Gold Price Outlook Hinges on Fed Rate Decision & Forward Guidance

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Gold Chart

Gold Price Talking Points

The Federal Reserve interest rate decision on tap for September 22 is likely to sway the near-term outlook for the price of gold as the central bank appears to be on track to scale back monetary support.

Fundamental Forecast for Gold Price: Neutral

The price of gold traded to a fresh monthly low ($1745) ahead of the Federal Open Market Committee’s (FOMC) quarterly meeting as the better-than-expected US Retail Sales report fueled speculation for an imminent shift in Fed policy, and fresh developments coming out of the central bank may drag on bullion if Chairman Jerome Powell and Co. deliver a tentative exit strategy.

Gold Price Outlook Hinges on Fed Rate Decision & Forward Guidance

Plans to taper the purchases of Treasury securities and Mortgage Backed Securities (MBS) should dampen the appeal of gold as it points to higher US interest rates, but bullion may face a more bearish fate if the central bank shows a greater willingness to normalize monetary policy sooner rather than later.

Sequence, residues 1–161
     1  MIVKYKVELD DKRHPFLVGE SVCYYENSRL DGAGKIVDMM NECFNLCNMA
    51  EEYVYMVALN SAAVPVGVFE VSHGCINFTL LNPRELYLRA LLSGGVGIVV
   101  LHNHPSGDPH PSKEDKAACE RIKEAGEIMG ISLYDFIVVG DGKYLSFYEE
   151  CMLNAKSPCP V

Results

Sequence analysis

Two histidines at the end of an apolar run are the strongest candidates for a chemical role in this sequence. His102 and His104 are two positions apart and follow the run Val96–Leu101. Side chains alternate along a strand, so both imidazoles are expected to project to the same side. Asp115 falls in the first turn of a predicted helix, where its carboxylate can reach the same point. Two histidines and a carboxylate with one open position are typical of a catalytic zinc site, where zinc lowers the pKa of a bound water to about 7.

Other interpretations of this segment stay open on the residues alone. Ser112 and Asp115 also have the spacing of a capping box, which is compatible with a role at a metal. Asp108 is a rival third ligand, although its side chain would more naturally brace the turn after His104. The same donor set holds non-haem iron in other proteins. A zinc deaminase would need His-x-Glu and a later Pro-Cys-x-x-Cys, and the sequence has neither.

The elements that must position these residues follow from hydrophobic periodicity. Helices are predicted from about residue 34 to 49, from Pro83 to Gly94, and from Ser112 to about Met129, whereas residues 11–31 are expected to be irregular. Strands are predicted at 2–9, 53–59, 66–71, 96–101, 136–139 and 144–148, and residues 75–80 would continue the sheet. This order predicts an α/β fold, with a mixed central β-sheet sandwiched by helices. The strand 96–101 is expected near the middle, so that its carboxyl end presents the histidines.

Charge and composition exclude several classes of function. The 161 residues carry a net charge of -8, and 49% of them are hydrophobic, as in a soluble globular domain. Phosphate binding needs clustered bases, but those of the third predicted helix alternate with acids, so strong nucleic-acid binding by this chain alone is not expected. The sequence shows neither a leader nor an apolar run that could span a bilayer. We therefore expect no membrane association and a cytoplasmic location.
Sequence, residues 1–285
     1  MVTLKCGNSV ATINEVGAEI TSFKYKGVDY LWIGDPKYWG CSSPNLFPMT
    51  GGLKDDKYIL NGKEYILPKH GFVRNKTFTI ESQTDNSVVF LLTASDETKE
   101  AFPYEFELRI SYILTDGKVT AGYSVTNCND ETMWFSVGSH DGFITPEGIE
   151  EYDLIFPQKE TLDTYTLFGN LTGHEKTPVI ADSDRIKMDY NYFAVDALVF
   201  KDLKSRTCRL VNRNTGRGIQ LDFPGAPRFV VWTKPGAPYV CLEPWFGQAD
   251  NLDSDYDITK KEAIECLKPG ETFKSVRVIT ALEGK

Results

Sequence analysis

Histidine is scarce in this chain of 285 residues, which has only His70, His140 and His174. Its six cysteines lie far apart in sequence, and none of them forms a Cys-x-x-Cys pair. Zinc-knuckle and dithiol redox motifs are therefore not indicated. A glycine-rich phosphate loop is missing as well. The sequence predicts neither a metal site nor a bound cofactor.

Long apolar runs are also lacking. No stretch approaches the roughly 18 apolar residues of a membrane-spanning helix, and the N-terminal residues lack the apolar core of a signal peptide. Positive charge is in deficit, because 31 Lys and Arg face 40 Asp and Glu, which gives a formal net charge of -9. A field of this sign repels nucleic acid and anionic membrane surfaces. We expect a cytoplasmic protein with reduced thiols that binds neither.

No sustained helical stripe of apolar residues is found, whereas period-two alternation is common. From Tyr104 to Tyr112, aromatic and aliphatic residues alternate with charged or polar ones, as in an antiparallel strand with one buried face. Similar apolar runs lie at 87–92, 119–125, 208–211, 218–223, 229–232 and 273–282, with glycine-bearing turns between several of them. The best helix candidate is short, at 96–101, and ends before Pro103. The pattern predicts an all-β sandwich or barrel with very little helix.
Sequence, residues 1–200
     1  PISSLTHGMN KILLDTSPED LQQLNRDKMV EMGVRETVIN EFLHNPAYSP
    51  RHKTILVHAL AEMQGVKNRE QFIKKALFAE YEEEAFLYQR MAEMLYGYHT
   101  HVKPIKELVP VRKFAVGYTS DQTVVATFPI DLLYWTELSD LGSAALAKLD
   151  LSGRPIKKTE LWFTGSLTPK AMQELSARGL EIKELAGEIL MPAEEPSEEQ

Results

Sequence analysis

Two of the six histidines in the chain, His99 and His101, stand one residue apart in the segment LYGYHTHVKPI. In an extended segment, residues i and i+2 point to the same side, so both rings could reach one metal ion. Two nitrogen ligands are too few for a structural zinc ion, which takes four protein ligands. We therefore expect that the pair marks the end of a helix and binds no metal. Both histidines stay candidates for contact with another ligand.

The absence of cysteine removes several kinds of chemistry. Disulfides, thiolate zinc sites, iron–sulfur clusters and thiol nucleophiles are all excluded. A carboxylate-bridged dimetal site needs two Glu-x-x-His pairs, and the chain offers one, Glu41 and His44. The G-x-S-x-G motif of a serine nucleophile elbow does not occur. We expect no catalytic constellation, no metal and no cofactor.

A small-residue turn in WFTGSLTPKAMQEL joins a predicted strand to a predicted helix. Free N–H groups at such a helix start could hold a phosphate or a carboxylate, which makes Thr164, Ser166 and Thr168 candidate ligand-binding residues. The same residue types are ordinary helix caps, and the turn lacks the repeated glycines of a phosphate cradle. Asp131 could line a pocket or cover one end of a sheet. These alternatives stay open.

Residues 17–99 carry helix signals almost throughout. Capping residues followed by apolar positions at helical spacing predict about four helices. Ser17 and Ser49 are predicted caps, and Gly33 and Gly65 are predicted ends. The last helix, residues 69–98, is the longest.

The update to the Summary of Economic Projections (SEP) may reveal a material shift in the monetary policy outlook as the slowdown in the US Consumer Price Index (CPI) reinforces the Fed’s expectation for a transitory rise in inflation, and an upward revision in the interest rate dot-plot may push the price of gold to fresh monthly lows as Chairman Powell and Co. currently forecast two rate hikes for 2023.

However, more of the same from Fed officials may prop up the price of gold as market participants push out bets for higher interest rates, and bullion may trade within a defined range over the near-term as it defends the March low ($1677) in the second half of the year.

With that said, the rebound from the August low ($1682) may turn out to be a correction in the broader trend rather than a change in market behavior as the FOMC appears to be on track to switch gears, and a material shift in Fed policy may drag on bullion as market participants prepare for higher US interest rates.

— Written by David Song, Currency Strategist

Follow me on Twitter at @DavidJSong

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